The Van Buuren Museum and Gardens in Brussels, Belgium was once the private home of David & Alice Van Buuren, two creative spirits sharing a life of art, music, culture, and gardens. They married in 1922; he of Dutch Jewish heritage, and she a native Belgian. Together they built their Dutch-style brick home just as the Art Deco influence blossomed.
The house was on 26 acres (10 hectares) of steeply sloping ground outside Brussels proper. Inside they curated an Art Deco style of furnishings, paintings, and sculpture. Outside were the magnificent gardens.
Bursting with creativity, design ideas, and a financially secure situation, Alice continued to develop the gardens. An orchard, a rose garden, and a labyrinth were all added over time.
Influenced by the picturesque style of gardening where the house and the garden merge, the garden is a “picture” from every window in the house. As the ground slopes down from the home, it is accented with water, rocks, and trees. The walking paths return you to the house for the optimal view of the architecture. The garden grew with happiness and joy.
Then World War II began to menace the world, and the couple was forced to leave their home and flee to New York City, where friends provided sanctuary as the Germans ravaged Europe.
After the war, they returned to their home, which miraculously survived. The couple, always politically active, hosted soirees with leaders involved in rebuilding efforts after the war. In their home, great minds came together to exchange ideas and raise funds to remake the country.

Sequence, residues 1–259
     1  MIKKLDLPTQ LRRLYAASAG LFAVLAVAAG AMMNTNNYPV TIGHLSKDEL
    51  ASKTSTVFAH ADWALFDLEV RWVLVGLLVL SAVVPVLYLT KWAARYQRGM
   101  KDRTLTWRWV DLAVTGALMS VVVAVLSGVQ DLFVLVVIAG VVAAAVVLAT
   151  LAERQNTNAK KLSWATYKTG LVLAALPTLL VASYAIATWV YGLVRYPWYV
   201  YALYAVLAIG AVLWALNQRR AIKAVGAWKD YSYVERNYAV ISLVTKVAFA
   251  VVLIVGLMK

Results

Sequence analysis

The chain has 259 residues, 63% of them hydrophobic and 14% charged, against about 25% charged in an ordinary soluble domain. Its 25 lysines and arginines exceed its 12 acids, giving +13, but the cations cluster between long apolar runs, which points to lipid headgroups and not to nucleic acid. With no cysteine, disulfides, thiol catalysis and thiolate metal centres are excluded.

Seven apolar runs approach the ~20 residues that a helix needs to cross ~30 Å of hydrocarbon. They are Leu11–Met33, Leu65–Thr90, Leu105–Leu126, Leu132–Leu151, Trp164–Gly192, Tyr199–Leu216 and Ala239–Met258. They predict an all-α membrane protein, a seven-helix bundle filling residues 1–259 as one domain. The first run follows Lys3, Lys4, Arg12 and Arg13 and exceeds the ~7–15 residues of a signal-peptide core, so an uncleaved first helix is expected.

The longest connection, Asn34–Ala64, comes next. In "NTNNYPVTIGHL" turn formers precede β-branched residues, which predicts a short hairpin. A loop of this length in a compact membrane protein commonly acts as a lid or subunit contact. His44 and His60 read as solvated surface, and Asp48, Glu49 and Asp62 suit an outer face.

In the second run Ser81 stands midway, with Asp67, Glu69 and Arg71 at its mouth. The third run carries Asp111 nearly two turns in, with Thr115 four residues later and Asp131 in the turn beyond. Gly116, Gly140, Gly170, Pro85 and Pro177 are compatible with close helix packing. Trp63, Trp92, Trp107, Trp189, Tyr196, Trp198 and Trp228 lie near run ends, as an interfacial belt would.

Sadly, David died from lung cancer in 1955. After this deep sadness, Alice created the Garden of Hearts as a tribute to their great love. This was my favorite part of the gardens. As I wandered down the slope through the geometric rose garden, descending the steps leading by the flowering wall, I headed to a stand of green hedges.
Rounding the corner, I found the opening to the Garden of Hearts. Soon I was standing in a garden of heart-shaped boxwoods filled with red begonias accented with white-bricked paving.
It is a work of art and heart, where Alice could go and remember the great love of her life. Alice lived on until 1970, and during those years, she set about creating a foundation to preserve the house and gardens as a gift to the city of Brussels.
This was an exceptional garden visit experience. Though today the garden is only 3 acres (1.5 hectares), each turn around the path reveals a scene designed to delight and surprise. The gardens were restored over a three-year period of 2009-2012 and today are in excellent form.
The walk through the labyrinth garden twirls you through green hedges bringing you to seven circular openings, each with a themed bronze sculpture. The geometric patterned rose garden created colorful blocks of blooms.
But the very best moment was to walk into a garden of hearts. A garden is always a work of heart, art, and flowers; nowhere is this more beautifully represented than the Van Buuren garden.
Note: Landscape architect Jules Buyssens 1924 transformed the steeply sloping, somewhat cramped space into a ‘picturesque garden’ comprising a pavilion, a herbaceous border, ponds, a floral wall, rock gardens, and clumps of heather and conifers around a central lawn. Buyssens is Belgium’s Fredrick Olmstead.
“Garden of the Hearts” was designed by Belgian landscape designer René Pechère in 1970
More photos below, interior images and more garden views